By Lethbridge Herald on September 23, 2023.
LEAVE IT TO BEEBER
Al Beeber – Managing Editor
Shortly after the clock struck midnight, summer was officially over. Yup, it’s done, finished. Hard to believe since it seems almost like yesterday it began.
But today marks the first official day of autumn – specifically starting at 12:49 a.m. this morning. This day also marks the autumn equinox in the northern hemisphere, “the day of the year when the sun crosses the celestial equator moving southward,” according to a website I Googled.
And since everything on the internet is real, as we know, I’ll take a chance that it’s accurate. And from what I’ve been reading, autumn always falls close to or on the same day.
According to the Old Farmer’s Almanac, autumn will be on Sept. 22 for the next three years. The celestial equator, says the Almanac in case you’re wondering, is “an imaginary extension of Earth’s equator line into space. The equinox occurs precisely when the sun’s centre passes through this line.”
As we know from personal experience, with autumn’s arrival days become shorter and nights longer which means the onset of that oft-dreaded darkness which can be smothering at times.
For people who have Seasonal Affective Disorder, this lack of sunlight can be the start of emotionally devastating times. Personally as a long-suffering Chicago Bears fan, I find the start of the NFL season triggers that same depression which inevitably lifts at playoff time because I can start cheering for a team that’s actually good for a few weeks.
According to the Almanac, “around the fall equinox, the full moon rises around sunset for several nights in a trow, traditionally providing farmers with just enough extra light to finish their harvests before the killing hard frosts of fall set in. Typically, the moon rises about an hour later each night but around the time of the fall equinox, the angle of the moon’s orbit and the tilt of the Earth line up just right and cause the moon to rise only about 20 to 30 minutes later each night for several nights in a row.”
Another interesting fact, according to the Almanac, is that the colour of fall foliage isn’t caused by the weather conditions but rather leaves change colour because of the amount of sunlight and photosynthesis. Well, that was interesting to me and I’m sure someone on social media will say I should be smarter.
The Almanac suggests we look at the arc of the sun each day as it begins shifting south because birds and butterflies migrate along its sun. This is definitely something I’ll be looking out for on my daily walks when I take them in daylight. And as readers know, my walks with the dogs tend to be in the dark a lot. I’m one of the early morning regulars at Nicholas Sheran Park who walk or run around the pathways at the same early hour each day pretty much seven days a week. Yesterday I was actually there at 4 a.m. after a night of zero sleep following another hectic day.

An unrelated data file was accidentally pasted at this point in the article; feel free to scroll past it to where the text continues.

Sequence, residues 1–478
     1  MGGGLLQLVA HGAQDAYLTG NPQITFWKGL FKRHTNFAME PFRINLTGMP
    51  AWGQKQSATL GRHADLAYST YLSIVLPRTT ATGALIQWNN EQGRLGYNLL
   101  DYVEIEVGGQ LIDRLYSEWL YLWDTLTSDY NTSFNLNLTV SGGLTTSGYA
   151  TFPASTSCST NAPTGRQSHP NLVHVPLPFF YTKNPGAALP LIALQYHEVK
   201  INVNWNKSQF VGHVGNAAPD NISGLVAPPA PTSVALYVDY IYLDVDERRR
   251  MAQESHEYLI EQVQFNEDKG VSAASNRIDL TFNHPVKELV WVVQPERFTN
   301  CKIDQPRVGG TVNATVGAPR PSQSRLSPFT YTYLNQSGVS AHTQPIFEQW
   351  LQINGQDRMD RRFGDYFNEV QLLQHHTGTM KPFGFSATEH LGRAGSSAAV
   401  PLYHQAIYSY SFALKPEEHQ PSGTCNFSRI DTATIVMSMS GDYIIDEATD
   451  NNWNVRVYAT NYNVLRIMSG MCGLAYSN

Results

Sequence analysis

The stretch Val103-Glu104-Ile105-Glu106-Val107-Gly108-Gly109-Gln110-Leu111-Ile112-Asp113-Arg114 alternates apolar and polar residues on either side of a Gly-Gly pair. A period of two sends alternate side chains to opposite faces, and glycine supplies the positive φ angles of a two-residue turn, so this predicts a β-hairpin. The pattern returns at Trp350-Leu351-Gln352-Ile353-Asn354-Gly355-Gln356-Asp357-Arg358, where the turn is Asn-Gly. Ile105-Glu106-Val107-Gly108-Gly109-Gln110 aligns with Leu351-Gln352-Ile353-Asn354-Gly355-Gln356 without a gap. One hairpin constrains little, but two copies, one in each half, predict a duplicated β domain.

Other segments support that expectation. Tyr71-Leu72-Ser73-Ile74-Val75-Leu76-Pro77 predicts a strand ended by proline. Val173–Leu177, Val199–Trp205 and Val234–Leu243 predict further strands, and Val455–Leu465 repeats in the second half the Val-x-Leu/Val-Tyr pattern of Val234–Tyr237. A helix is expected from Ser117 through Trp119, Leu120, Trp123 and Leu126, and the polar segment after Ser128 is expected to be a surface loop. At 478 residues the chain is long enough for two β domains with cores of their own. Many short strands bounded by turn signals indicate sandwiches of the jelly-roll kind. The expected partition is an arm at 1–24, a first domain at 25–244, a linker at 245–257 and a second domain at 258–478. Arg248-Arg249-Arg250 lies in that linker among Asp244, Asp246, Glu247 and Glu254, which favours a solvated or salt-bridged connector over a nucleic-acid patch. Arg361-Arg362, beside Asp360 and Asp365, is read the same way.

But with Izzy dog now getting socialized, my weekend walks are now a little later so she and Ben can go straight to the Riverstone dog park to play with the early bunch of dogs whose owners frequent that place.
Izzy had an initial anxiety around other dogs but a few of the Riverstone regulars convinced me to let her off the leash and she’s been at home ever since. That park has been a blessing for both her and old Ben, but especially Izzy who is completely worn out after a good session of sniff and chase.
And with cooler morning temperatures, I’m now taking the dogs to Popson Park where until recently Ben hadn’t visited since April. Izzy, after initial reluctance, is now splashing in the river with wild abandon, gradually gaining confidence to venture farther after a stick.
But with shorter days, we will probably doing Popson after the Riverstone session where I’ve met recently some fantastic dog owners as well as their animals. It’s been a long time since I’ve had a pup and most people there have been really encouraging to me and Izzy.
Of course, there’s always one or two people who can ruin the vibe for everyone but those have been few and far between in my experiences the last few weeks taking two dogs instead of just Ben, who will soon be turning the ripe old age of 11.
With shorter days, I’m sure we’ve all noticed how the mornings are definitely getting a bit chilly.
We’ve been leaving the deck open to be safe in case Izzy has a late night emergency and the house definitely is frosty by dawn at times.
As the Almanac says, with this time of year temperatures will be dropping and plant life as well as humans slowing down. I’m not sure about the latter because I have no time to slow down but it’s definitely the season to start doing fall cleanup.
And thanks to those new organics bins the City rolled out, the job is definitely easier. Those weekly pickups are allowing for some early shrub and vine trimming, meaning fewer trips to the waste recycling centre.
Last year the towering poplars didn’t drop their leaves until November and by that time, the stations were closed so I was making a lot of trips out to the waste and recycling centre with the truck box loaded with leaf bags.